"I asked [general manager] Mark [Shapiro] what I should do at the end of Spring Training," Showalter said. "He said, 'Go home.'"
That doesn't mean Showalter's duties with the Indians are complete. But he will be given the freedom to spend more time with his family, which includes wife, Angela, and kids, Alex, 20, and Nathan, 15.
It's freedom the 50-year-old Showalter didn't necessarily get to enjoy during his days as the manager of the Yankees, Diamondbacks and Rangers.
Still, the pull of baseball is a powerful one, and Showalter hopes to stay busy in the season ahead. Armed with a Shapiro-provided list of players to evaluate, he'll make visits to the Minor League affiliates, and he'll also join special assistant to the GM Neal Huntington in scouting out Spring Training complexes in Arizona to gather ideas for the Tribe's project in Goodyear.
"I was in New York when their Tampa site was built, and I was in Arizona when their Tucson complex was built," he said. "So I'll give some insight and some examples of stuff that works and doesn't work and things I would have done differently."
The Indians brought Showalter aboard for a different perspective on their organizational procedures.
Some will label him a manager-in-waiting if Eric Wedge finds himself on the hot seat; others will believe the adamant claims of the front office and Showalter that he's not here for such an ulterior motive. Whatever the case, his only job, for now, is to be a sounding board for Shapiro, Wedge and their respective staffs.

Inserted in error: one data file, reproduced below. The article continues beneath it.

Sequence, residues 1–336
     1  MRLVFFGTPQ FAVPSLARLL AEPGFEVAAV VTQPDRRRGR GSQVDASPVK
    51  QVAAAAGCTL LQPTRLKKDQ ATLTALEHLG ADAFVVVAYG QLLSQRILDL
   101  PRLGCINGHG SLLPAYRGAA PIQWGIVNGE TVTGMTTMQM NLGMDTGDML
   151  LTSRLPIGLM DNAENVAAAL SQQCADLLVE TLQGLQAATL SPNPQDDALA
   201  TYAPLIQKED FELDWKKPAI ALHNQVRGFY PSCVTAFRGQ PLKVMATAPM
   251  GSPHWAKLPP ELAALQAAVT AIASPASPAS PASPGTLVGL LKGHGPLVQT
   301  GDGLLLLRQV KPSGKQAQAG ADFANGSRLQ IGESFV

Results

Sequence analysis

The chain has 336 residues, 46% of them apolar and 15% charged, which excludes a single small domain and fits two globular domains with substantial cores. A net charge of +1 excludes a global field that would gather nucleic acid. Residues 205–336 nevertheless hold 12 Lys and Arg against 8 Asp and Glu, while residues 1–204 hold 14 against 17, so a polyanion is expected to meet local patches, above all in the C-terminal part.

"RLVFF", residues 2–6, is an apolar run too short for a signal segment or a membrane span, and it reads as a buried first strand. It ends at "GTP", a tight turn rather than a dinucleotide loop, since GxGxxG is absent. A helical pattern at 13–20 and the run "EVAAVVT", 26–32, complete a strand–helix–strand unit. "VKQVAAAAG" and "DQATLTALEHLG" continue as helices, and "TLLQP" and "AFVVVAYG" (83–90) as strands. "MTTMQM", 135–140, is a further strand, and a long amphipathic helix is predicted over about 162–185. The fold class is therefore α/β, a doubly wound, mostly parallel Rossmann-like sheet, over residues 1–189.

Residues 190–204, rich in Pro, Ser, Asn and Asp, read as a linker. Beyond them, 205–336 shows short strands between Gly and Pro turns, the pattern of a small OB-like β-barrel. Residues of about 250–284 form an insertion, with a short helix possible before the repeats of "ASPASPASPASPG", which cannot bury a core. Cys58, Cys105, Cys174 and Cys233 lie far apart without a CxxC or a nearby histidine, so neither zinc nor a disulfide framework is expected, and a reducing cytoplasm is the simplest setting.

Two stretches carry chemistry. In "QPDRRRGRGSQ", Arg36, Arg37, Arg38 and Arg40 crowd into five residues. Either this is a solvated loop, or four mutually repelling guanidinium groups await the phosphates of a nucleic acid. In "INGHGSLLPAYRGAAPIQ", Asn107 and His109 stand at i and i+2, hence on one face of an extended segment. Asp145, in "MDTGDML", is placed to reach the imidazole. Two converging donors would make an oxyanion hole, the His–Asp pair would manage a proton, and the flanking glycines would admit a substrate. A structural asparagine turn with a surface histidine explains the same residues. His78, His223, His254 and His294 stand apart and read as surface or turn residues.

The work of those staffs in camp has genuinely impressed Showalter, who has seen the good, the bad and the ugly, when it comes to running a ballclub.
"These are great, great people and a great organization," Showalter said. "To think you can contribute is challenging, because they're ahead on a lot of things that challenge organizations. They're on top of it. They're proactive, instead of reactive."
Showalter pointed to the Cliff Lee injury as an example. At the first sign of the abdominal strain Lee is suffering through, the Indians were lining up their depth starting alternatives and figuring out how best to prepare them for Opening Day.
"They never talk about failure," Showalter said, "and the players feed off that."
Without naming names or teams, Showalter said he's seen other Spring Training clubhouses where veteran players feed prospects to the wolves. That is, refreshingly, not the case at Chain of Lakes Park, he said.
"If you have 'Cleveland' across your chest, [the veterans] want to make it easier for you," he said. "They view [the youngsters] as part of the solution. You don't see that all the time. There are no egos and there's a real singleness of purpose."
As for his own purpose, Showalter doesn't seem overly anxious to get back into managing. While it might fly in the face of his reputation in some baseball circles as being something of a control freak, he said he's content to let any such opportunity find its way to him.
Showalter said he won't throw a pity party for himself if his managing days, which saw him compile a record of 882-833 (.514) with a pair of American League Manager of the Year Awards in 1994 and 2004, are over.
"I was lucky," he said. "I came from the smallest public high school in the state of Florida and went from having 45 people in my graduating class to managing the Yankees and two other teams. I don't feel like I got [ripped off]. I was lucky."